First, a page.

2022 World Cup ‘Moment of the Day’: The certainty of Mbappe and the hesitation of Hamdallah

The 2022 World Cup now knows its two finalists. A sensational second semifinal saw France beat Morocco 2-0, with the bland score-line not doing justice to the action that unfolded across the pitch. With so much happening, ESPN India attempts to pick out the one moment that defined the day’s action.

For day 20, it’s a moment that’s played out in two parts, separated by less than three minutes: the nervous hesitation of Abderrazak Hamdallah and the unnerving certainty of Kylian Mbappe……Continue Reading

It starts a second before the 75th minute of the game. France are leading Morocco by a goal to nil but it’s the most slender of margins. Since that early goal, Morocco have been hammering away at the French. At various points it’s taken a Raphael Varane stretch, an Ibrahima Konate tackle, more than one Hugo Lloris save, the annoyingly constant presence of Antoine Griezmann, and a strong metal post to keep the score at 1-0.

It’s at this point that Selim Amallah puts Aurelien Tchouameni under immense pressure. As the Real Madrid midfielder turns back, Abderrazak Hamdallah nips in and takes control of the ball. Head down, he goes full pelt toward the French box. Hamdallah has come on in the 66th minute and made a big difference with his almost insulting directness. A prolific forward throughout his career, he was once named the world’s top scorer (for the calendar year 2019) when he scored 57 goals for Al Nassr, three more than Robert Lewandowski, seven more than Lionel Messi. This is a man, then, who knows the route to goal.

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Hamdallah slows down as he nears the edge of the box before a sudden change of direction squares up a furiously backpedaling Varane. Trailing in his wake are Konate and Jules Kounde. As he glides past Varane, the French goal suddenly opens up. For all the domination and the chance creation of the previous 75 minutes, Morocco never really had a clean line of sight on Lloris goal. Hamdallah has it now.

He cocks up his left foot and… hesitates. Kounde and Konate catch up. Hamdallah still has the upper hand, though, and he shifts it once again to the left. Clean line of sight again. Left leg cocked again. Hesitation again. By the time he tries to poke it with his right, the door has been slammed shut.
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Chance? What chance? Didier Deschamps’ men have bolted the front door firmly shut. That clean line of sight to Lloris’ goal? A figment of the Moroccan imagination again.

France still 1. Morocco still 0.
The certainty

Exactly two minutes and thirty-one seconds after he loses the ball to Hamdallah, Tchouameni runs onto a misplaced Jawad El Yamiq pass. A quick turn and a deft jab sets Youssouf Fofana away. He, in turn, motors into the Moroccan half, holding off Azzedine Ounahi before passing it square to his left.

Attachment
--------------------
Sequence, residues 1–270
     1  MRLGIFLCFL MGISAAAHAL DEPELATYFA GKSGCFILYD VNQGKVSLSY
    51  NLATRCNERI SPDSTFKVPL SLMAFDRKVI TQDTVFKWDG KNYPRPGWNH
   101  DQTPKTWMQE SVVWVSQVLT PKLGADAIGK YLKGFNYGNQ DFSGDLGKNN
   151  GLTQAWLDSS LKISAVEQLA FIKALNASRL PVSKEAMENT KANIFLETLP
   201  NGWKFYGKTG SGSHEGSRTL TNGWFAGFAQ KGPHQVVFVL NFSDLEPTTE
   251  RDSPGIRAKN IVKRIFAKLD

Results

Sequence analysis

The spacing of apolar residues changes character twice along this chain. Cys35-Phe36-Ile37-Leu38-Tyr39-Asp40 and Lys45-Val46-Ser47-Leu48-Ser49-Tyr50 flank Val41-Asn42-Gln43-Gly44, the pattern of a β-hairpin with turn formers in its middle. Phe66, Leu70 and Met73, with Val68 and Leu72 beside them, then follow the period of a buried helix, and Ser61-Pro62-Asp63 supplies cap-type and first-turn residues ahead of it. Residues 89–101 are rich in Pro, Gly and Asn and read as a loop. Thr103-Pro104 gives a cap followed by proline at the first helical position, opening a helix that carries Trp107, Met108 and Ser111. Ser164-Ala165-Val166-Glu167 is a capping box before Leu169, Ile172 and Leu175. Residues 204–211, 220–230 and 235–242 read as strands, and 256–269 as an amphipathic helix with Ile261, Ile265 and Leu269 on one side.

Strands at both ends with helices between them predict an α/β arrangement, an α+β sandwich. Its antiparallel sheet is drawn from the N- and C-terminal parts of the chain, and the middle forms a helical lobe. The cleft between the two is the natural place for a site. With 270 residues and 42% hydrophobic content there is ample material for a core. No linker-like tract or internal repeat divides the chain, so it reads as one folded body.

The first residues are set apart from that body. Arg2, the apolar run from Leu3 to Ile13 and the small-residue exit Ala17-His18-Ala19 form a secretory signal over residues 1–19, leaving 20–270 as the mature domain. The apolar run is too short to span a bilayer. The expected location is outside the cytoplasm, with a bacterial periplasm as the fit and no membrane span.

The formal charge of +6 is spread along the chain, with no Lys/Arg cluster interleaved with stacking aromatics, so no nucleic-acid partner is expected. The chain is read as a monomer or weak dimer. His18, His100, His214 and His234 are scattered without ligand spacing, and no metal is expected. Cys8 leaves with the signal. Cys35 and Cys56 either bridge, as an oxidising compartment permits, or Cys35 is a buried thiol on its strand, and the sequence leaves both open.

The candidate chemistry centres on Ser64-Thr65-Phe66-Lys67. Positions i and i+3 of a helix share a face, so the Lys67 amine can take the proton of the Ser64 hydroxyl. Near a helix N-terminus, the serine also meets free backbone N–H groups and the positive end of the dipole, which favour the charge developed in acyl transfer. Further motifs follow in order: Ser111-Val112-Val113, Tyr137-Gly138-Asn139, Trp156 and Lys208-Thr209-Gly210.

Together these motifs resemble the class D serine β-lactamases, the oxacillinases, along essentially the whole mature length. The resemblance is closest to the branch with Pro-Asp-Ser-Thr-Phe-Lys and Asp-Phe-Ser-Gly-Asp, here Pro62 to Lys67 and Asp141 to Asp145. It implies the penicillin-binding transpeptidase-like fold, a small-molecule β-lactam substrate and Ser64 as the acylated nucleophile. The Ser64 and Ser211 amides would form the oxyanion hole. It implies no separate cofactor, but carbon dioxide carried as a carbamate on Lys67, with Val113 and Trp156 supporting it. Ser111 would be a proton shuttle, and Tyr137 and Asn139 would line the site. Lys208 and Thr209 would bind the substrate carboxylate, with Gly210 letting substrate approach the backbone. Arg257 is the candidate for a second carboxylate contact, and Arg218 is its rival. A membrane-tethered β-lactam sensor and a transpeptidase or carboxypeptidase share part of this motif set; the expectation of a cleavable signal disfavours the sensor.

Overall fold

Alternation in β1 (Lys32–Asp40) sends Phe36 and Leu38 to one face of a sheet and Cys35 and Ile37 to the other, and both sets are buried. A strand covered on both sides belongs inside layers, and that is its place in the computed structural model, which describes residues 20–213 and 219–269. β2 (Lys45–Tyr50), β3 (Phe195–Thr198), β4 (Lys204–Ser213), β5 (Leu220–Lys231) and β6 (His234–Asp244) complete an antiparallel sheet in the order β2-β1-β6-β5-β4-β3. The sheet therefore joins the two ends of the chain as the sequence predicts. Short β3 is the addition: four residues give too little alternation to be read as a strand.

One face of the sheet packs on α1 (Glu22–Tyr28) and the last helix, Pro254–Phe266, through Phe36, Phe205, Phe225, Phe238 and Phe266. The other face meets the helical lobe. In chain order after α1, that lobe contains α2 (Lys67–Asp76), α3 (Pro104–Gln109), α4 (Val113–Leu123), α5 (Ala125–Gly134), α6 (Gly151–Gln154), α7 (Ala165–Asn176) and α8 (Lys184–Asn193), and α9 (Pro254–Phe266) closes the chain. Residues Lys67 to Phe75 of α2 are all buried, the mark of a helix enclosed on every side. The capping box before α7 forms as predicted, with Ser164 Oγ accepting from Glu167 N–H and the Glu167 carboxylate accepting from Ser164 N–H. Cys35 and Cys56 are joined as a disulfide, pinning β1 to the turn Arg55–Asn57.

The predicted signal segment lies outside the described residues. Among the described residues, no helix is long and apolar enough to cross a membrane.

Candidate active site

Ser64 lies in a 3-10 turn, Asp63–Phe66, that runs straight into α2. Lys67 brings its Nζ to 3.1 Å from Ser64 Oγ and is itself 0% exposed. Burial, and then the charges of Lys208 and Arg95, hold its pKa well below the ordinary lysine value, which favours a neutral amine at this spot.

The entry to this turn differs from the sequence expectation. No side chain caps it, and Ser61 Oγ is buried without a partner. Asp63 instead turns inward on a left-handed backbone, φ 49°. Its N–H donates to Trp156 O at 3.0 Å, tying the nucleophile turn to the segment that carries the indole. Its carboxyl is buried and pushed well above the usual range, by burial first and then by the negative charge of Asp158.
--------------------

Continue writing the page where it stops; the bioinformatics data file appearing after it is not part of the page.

Where, standing still, is Kylian Mbappe.

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Mbappe has threatened to tear into Morocco all game. Even when he’s standing around doing nothing, you can sense the fear in the air. It’s laced with the threat of what he could do. The ferocity of his acceleration has already scorched Morocco a couple of times, but his great mate Achraf Hakimi and that man-who-never-stops-running Sofyan Amrabat have kept him in check for the most part; by foul means and fair. Here, he receives the ball from Fofana with a piece of daring imagination. His first touch allows it to roll over his foot, his body turning with blinding speed. Hakimi, who has come steaming in to put in a reducer is sent skedaddling to the wrong fire.
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With his next touch, Mbappe moves the ball onto Marcus Thuram. The elder son of Lillian holds on to it, waiting and waiting till the Moroccan box is a sea of red before playing it back to Mbappe at the edge.

As the ball rolls toward him, Mbappe plants his left leg before allowing the ball to roll past him. That one slight movement has committed the excellent Amrabat and for the first time this tournament, he’s helpless. Hands in the air, he can only stand and watch as Mbappe darts past, then right and left, holding off Achraf Dari and Hakimi and Abdessamad Ezzalzouli before smacking a shot at goal. It deflects off a fifth Moroccan in Mbappe’s path, El Yamiq, and falls at the feet of Randal Kolo Muani.

A tap-in from two yards and Kolo Muani has scored his first ever international goal.

France 2 now. Morocco still 0.

Game over.
The difference

Hamdallah had the chance to shoot twice. Both times he hesitated, not trusting his left foot, not believing in his ability, trying to minimize risk and close the distance between him and goal. David had the sling loaded and stretched, but he didn’t let go when standing eye-to-eye with Goliath. If he had hit it the first time, or even the second time… If he had scored… the game would have turned. Morocco would’ve had all the momentum. If not a regulation time result, they’d have had confidence and the smile of Bono on their side in extra time and a potential shootout.

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Morocco’s inspirational World Cup run succeeded in putting traditional powers on notice

At the other end, Mbappe had no real shot at goal. In most eyes, there had been no gap, let alone a clean sight of goal. The shot he took had come from minimal back-lift, executed before anyone around him even knew what was happening. Zero hesitation in taking the risk. Complete belief in his pure ability.

The difference was stark.

Abderrazak Hamdallah dithered. Kylian Mbappe did not. In elite sport where the margins are so tiny as to be invisible, sometimes that’s all it takes to decide who reaches a World Cup final, and who doesn’t.

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